Published March 19, 2012
With eight out of every 10 planes Boeing builds at its new plant in North Charleston headed to foreign customers, Sen. Lindsey Graham, R-S.C., said today it’s important for him to support legislation backing reauthorization of the Federal Export-Import Bank.
The bank, which is self-financing and backs loans that help U.S. firms sell goods overseas, has wound up in the crosshairs of some conservatives in Congress who think the government shouldn’t be in the business of offering loan guarantees.
“This is not a bailout,” the state’s senior senator said. “This is a financing mechanism that will allow transactions to take place between American manufacturers and certain overseas markets. And, those markets are being aggressively pursued by other countries.”
The bank, which was created by executive order in 1934 at the depths of the Great Depression, is up for re-authorization. Advocates also want to raise its cap on loan guarantees — which presently is $100 billion — by 40%.
A vote could take place as early as Tuesday, Graham said.
Such measures usually have not drawn much attention, but this year various factions in Congress are trying to torpedo the bank.
Without the bank, the future of Boeing in South Carolina is in jeopardy, Graham said.
“Long story short, if ex-im banking goes away in America, that ability for a Boeing, a GE and small businesses in our state to get market share in international markets is going to be destroyed,” Graham said. “It means that growth of Boeing in South Carolina ceases to exist.”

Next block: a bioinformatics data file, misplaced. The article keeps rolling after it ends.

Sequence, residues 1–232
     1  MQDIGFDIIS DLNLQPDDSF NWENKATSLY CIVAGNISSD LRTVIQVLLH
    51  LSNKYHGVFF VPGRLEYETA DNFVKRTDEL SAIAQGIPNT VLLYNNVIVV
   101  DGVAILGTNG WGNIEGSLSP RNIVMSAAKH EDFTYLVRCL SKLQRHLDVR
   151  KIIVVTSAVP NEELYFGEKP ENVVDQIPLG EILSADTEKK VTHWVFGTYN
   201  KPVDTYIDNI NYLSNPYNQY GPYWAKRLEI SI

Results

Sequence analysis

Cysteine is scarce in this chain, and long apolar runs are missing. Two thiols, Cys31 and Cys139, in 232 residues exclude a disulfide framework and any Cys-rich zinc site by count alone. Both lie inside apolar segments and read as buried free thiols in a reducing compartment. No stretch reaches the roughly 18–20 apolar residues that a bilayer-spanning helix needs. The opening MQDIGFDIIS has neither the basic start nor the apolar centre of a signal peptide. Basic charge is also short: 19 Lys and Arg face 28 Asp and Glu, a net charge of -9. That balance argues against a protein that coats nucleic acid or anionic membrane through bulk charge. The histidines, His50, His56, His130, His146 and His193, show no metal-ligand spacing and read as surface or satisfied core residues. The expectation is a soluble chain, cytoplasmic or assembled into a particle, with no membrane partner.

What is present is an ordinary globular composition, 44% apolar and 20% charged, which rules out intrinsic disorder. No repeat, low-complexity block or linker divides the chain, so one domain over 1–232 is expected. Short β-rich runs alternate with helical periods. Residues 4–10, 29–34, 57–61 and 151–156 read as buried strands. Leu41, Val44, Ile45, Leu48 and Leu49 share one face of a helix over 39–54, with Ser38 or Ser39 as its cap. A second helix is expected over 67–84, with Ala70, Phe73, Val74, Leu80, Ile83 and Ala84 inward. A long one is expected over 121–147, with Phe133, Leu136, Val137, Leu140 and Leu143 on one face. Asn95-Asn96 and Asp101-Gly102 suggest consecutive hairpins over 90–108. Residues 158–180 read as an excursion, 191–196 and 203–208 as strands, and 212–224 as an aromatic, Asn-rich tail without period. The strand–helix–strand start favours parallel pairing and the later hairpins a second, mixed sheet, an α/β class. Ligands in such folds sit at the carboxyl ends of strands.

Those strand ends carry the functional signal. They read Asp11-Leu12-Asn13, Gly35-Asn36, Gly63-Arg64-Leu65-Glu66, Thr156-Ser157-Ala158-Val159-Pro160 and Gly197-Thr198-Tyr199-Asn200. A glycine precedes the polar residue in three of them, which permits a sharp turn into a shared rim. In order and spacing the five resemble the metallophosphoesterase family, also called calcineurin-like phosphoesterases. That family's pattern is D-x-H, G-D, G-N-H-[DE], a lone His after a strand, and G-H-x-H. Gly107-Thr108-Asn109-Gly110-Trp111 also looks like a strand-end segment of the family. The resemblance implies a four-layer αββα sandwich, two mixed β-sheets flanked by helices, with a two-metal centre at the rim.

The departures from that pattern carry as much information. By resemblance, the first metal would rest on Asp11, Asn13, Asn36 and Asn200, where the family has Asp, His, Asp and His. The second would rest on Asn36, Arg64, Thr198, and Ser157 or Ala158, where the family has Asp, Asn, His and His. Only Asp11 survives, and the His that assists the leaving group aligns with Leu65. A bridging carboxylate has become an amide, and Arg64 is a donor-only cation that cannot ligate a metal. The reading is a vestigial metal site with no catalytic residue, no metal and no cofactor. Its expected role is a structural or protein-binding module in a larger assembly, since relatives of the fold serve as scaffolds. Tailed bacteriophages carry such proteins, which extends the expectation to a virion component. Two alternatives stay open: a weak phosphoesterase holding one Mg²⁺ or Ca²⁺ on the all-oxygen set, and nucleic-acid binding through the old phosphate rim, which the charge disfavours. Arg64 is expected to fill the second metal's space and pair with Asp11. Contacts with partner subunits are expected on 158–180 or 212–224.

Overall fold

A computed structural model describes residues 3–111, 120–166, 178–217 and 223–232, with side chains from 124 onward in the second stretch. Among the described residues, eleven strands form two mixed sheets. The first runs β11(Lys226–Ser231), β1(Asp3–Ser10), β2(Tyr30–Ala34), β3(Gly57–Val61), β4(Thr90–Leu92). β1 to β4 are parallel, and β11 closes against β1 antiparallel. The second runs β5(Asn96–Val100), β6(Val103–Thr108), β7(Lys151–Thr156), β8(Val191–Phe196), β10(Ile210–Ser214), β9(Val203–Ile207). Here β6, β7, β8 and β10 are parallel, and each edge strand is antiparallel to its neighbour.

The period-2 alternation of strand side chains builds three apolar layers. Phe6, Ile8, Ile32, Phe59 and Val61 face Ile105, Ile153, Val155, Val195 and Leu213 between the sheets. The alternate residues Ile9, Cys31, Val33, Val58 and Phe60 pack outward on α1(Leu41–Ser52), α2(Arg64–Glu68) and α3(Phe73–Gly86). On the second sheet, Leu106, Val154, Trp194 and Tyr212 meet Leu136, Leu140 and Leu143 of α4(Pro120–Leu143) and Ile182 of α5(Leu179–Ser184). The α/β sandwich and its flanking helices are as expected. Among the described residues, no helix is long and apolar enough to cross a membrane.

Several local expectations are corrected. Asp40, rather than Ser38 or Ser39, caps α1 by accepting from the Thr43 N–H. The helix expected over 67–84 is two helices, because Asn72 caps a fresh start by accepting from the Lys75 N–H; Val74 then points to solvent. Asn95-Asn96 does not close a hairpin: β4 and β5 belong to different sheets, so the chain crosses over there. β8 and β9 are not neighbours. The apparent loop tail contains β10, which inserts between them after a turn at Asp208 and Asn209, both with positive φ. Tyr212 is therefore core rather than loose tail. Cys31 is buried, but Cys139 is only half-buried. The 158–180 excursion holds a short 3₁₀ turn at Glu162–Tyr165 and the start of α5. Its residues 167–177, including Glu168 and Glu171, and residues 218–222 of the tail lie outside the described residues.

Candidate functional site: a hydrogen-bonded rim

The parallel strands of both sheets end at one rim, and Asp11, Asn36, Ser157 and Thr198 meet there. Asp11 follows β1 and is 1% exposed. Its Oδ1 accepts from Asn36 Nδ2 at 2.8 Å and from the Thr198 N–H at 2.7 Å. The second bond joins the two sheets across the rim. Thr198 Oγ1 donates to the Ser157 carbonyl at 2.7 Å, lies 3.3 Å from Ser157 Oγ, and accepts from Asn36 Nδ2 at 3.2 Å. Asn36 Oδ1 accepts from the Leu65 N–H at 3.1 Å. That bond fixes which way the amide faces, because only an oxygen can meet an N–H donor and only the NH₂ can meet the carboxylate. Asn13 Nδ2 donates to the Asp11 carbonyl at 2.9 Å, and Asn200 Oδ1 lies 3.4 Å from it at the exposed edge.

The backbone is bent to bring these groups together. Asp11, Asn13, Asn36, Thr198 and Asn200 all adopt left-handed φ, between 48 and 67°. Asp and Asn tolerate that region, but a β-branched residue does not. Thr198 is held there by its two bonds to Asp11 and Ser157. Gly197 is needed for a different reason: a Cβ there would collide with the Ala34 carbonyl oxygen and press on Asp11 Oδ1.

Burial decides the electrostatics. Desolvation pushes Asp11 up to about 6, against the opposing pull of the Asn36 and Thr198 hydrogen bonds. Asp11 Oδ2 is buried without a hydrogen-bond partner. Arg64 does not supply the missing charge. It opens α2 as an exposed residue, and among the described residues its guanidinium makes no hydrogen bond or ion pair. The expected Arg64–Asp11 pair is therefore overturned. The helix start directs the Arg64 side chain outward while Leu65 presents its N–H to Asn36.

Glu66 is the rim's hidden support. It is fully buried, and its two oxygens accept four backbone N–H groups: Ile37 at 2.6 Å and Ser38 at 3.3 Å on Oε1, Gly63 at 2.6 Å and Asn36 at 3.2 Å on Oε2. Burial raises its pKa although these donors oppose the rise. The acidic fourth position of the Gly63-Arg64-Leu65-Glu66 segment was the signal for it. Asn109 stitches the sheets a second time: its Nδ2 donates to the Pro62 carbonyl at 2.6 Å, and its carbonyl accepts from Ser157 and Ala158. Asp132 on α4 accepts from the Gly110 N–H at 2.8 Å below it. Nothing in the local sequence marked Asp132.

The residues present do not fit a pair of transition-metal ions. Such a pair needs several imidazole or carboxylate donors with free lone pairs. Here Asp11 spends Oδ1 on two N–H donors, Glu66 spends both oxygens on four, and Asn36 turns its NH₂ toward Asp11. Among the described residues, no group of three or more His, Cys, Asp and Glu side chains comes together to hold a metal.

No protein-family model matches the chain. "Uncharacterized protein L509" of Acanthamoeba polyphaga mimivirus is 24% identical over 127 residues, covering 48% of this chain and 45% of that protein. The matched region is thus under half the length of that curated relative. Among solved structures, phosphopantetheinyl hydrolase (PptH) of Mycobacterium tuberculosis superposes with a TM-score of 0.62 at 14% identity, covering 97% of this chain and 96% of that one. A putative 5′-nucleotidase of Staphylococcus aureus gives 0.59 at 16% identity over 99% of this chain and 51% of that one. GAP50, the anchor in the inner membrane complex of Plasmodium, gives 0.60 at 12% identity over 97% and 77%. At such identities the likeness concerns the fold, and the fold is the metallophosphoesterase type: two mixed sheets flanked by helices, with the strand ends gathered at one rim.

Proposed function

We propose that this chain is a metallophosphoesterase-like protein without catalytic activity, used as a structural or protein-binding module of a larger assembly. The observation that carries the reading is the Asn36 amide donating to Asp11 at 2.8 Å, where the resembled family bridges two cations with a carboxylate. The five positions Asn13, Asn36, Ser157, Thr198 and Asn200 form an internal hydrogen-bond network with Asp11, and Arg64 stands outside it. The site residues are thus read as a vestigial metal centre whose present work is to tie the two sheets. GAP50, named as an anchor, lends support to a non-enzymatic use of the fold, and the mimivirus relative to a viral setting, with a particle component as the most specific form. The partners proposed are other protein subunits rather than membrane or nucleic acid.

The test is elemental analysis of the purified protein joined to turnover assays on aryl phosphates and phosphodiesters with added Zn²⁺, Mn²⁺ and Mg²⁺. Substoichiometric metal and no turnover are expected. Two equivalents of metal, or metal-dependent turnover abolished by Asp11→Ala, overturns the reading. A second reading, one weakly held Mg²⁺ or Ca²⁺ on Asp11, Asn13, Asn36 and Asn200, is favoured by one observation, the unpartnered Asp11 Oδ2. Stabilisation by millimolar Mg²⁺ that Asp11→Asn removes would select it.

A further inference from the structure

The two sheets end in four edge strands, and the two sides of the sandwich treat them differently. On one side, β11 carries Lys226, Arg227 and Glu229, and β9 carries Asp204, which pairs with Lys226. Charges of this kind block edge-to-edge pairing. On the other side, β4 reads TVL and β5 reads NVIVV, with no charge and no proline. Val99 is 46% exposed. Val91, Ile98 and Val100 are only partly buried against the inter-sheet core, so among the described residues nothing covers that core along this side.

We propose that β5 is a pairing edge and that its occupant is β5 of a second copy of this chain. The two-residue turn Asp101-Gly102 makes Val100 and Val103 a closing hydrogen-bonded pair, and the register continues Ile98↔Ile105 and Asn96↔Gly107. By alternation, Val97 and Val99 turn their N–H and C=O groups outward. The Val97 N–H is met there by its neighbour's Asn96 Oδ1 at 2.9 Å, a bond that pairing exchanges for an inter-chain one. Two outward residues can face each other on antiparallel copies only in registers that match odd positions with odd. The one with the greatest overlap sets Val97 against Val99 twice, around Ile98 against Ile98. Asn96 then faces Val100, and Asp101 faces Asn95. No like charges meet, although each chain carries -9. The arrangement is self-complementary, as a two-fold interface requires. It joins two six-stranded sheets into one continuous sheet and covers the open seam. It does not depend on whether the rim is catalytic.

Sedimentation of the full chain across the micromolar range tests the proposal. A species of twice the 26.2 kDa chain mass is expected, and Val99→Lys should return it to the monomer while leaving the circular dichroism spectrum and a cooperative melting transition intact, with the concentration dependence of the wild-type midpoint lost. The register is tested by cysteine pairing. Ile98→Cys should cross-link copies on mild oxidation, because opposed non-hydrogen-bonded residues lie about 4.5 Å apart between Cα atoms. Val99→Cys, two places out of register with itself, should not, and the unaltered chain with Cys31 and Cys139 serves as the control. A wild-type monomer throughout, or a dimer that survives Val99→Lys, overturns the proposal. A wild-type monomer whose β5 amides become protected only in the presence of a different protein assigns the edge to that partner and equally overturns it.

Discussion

In January 2006, Air India signed an order agreement for 68 Boeing commercial jets, the single largest commercial airplane order in India’s civil aviation history, with a value of more than $11 billion at list prices, according to a Boeing press release. The order included 27 787-8 Dreamliners, which are built at the North Charleston plant.
Boeing directly employs more than 6,000 people in South Carolina and has $700 million worth of contracts with 250 S.C. suppliers, Jim McNerney, Boeing president and CEO, said in a letter to Graham.
Without the support of the Export-Import Bank, “many of our customers will choose to purchase airplanes from Airbus, made in Europe, built by European labor, sold with the aggressive banking of multiple European export credit agencies,” McNerney said.
While he supports the concept of open markets, Graham said the Export-Import Bank helps level the playing field for U.S. firms selling products overseas — especially in emerging markets where traditional banks and financing do not exist.
He also noted that approximately 80% of companies that use the agency are classified as small businesses.
Graham added that U.S. manufacturers would be at a disadvantage against competitors in other countries.
“I would love a world without ex-im banks, but that world does not exist,” Graham said.